By working on and transforming objective matter into sustenance and objects of use-value, human beings meet the needs of existence and come to see themselves externalized in the world.

The lorax materialism and capitalism in

However, capitalism, the system of private ownership of the means of production, deprives human beings of this essential source of self-worth and identity. The worker approaches work only as a means of survival and derives none of the other personal satisfactions of work because the products of his labor do not belong to him.

These products are instead expropriated by capitalists and sold for profit. In capitalism, the worker, who is alienated or estranged from the products he creates, is also estranged from the process of production, which he regards only as a means of survival.

Estranged from the production process, the worker is therefore also estranged from his or her own humanity, since the transformation of nature into useful objects is one of the fundamental facets of the human condition.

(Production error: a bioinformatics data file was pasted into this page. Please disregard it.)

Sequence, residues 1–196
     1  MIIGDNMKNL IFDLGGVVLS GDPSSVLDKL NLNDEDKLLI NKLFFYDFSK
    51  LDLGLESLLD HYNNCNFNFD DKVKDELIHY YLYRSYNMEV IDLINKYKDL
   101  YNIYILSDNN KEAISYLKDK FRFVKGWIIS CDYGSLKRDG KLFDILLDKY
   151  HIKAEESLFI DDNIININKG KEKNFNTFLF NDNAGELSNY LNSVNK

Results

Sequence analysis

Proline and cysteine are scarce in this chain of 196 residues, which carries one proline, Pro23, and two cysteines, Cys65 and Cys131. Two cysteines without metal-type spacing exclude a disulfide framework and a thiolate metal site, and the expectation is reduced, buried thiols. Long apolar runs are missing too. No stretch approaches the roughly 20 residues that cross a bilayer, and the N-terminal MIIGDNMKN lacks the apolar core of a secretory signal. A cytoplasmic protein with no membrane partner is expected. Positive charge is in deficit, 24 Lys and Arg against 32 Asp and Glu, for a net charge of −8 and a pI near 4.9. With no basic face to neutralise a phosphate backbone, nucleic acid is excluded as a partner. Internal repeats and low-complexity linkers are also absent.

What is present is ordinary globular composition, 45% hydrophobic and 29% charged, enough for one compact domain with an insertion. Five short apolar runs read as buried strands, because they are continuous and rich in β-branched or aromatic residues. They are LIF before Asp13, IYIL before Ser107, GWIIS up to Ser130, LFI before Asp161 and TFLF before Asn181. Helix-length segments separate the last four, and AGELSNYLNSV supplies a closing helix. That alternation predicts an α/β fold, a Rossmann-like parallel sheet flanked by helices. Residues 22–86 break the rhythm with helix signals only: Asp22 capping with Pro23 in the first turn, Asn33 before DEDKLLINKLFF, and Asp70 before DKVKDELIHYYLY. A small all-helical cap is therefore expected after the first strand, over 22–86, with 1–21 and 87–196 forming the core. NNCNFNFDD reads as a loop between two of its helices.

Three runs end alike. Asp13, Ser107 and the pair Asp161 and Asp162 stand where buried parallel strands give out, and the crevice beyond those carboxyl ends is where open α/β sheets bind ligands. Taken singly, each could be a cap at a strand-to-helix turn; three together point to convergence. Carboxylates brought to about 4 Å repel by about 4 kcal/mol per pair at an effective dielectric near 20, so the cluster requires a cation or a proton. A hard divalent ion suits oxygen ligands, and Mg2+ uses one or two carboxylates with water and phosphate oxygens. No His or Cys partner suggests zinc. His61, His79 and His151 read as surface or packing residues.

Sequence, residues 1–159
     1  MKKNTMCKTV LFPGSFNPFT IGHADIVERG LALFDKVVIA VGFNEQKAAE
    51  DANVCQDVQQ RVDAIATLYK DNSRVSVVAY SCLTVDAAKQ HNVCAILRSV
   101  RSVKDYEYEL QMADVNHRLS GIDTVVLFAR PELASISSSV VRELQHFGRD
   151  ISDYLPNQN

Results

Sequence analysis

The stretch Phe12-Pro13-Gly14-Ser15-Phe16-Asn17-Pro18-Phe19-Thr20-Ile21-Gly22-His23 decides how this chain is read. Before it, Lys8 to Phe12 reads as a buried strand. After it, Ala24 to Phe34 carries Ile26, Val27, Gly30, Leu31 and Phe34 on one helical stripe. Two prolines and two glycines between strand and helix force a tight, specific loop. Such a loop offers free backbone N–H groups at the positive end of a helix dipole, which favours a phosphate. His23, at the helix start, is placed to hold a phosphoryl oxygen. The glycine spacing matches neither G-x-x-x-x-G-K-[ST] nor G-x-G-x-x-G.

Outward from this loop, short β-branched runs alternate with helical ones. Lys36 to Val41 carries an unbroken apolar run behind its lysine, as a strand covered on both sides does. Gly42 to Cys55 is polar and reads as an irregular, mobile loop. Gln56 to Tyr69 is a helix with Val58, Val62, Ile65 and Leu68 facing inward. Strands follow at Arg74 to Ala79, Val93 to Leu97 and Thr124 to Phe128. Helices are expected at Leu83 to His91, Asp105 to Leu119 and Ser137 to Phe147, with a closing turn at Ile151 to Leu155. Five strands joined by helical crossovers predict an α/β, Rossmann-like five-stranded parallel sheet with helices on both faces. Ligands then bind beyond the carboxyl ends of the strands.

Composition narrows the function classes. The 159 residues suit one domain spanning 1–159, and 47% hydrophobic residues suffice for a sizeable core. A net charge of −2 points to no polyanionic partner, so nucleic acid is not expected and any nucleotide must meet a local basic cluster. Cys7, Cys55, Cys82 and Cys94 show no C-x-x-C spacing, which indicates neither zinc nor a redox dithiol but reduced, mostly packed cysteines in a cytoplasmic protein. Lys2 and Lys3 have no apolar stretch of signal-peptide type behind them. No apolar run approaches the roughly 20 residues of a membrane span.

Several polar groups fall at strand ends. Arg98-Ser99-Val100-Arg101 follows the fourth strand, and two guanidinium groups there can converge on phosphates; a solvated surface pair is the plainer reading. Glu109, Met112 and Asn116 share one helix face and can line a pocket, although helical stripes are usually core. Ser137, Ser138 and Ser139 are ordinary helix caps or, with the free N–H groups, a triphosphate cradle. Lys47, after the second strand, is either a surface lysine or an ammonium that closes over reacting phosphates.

Finally, the capitalist mode of production alienates human beings from other human beings. The alienation of the worker from his work and of the worker from capitalists forms the basis of the antagonistic social relationship that will eventually lead to the overthrow of capitalism.

Historical Materialism As noted previously, the writings of the German idealist philosopher Hegel had a profound impact on Marx and other philosophers of his generation.

The Lorax Presentation by Sophie Munro on Prezi

Hegel elaborated a dialectical view of human consciousness as a process of evolution from simple to more complex categories of thought. According to Hegel, human thought has evolved from very basic attempts to grasp the nature of objects to higher forms of abstract thought and self-awareness.

History evolves through a similar dialectical process, whereby the contradictions of a given age give rise to a new age based on a smoothing over of these contradictions. In other words, Hegel believed that ideas are the primary mode in which human beings relate to the world and that history can be understood in terms of the ideas that define each successive historical age.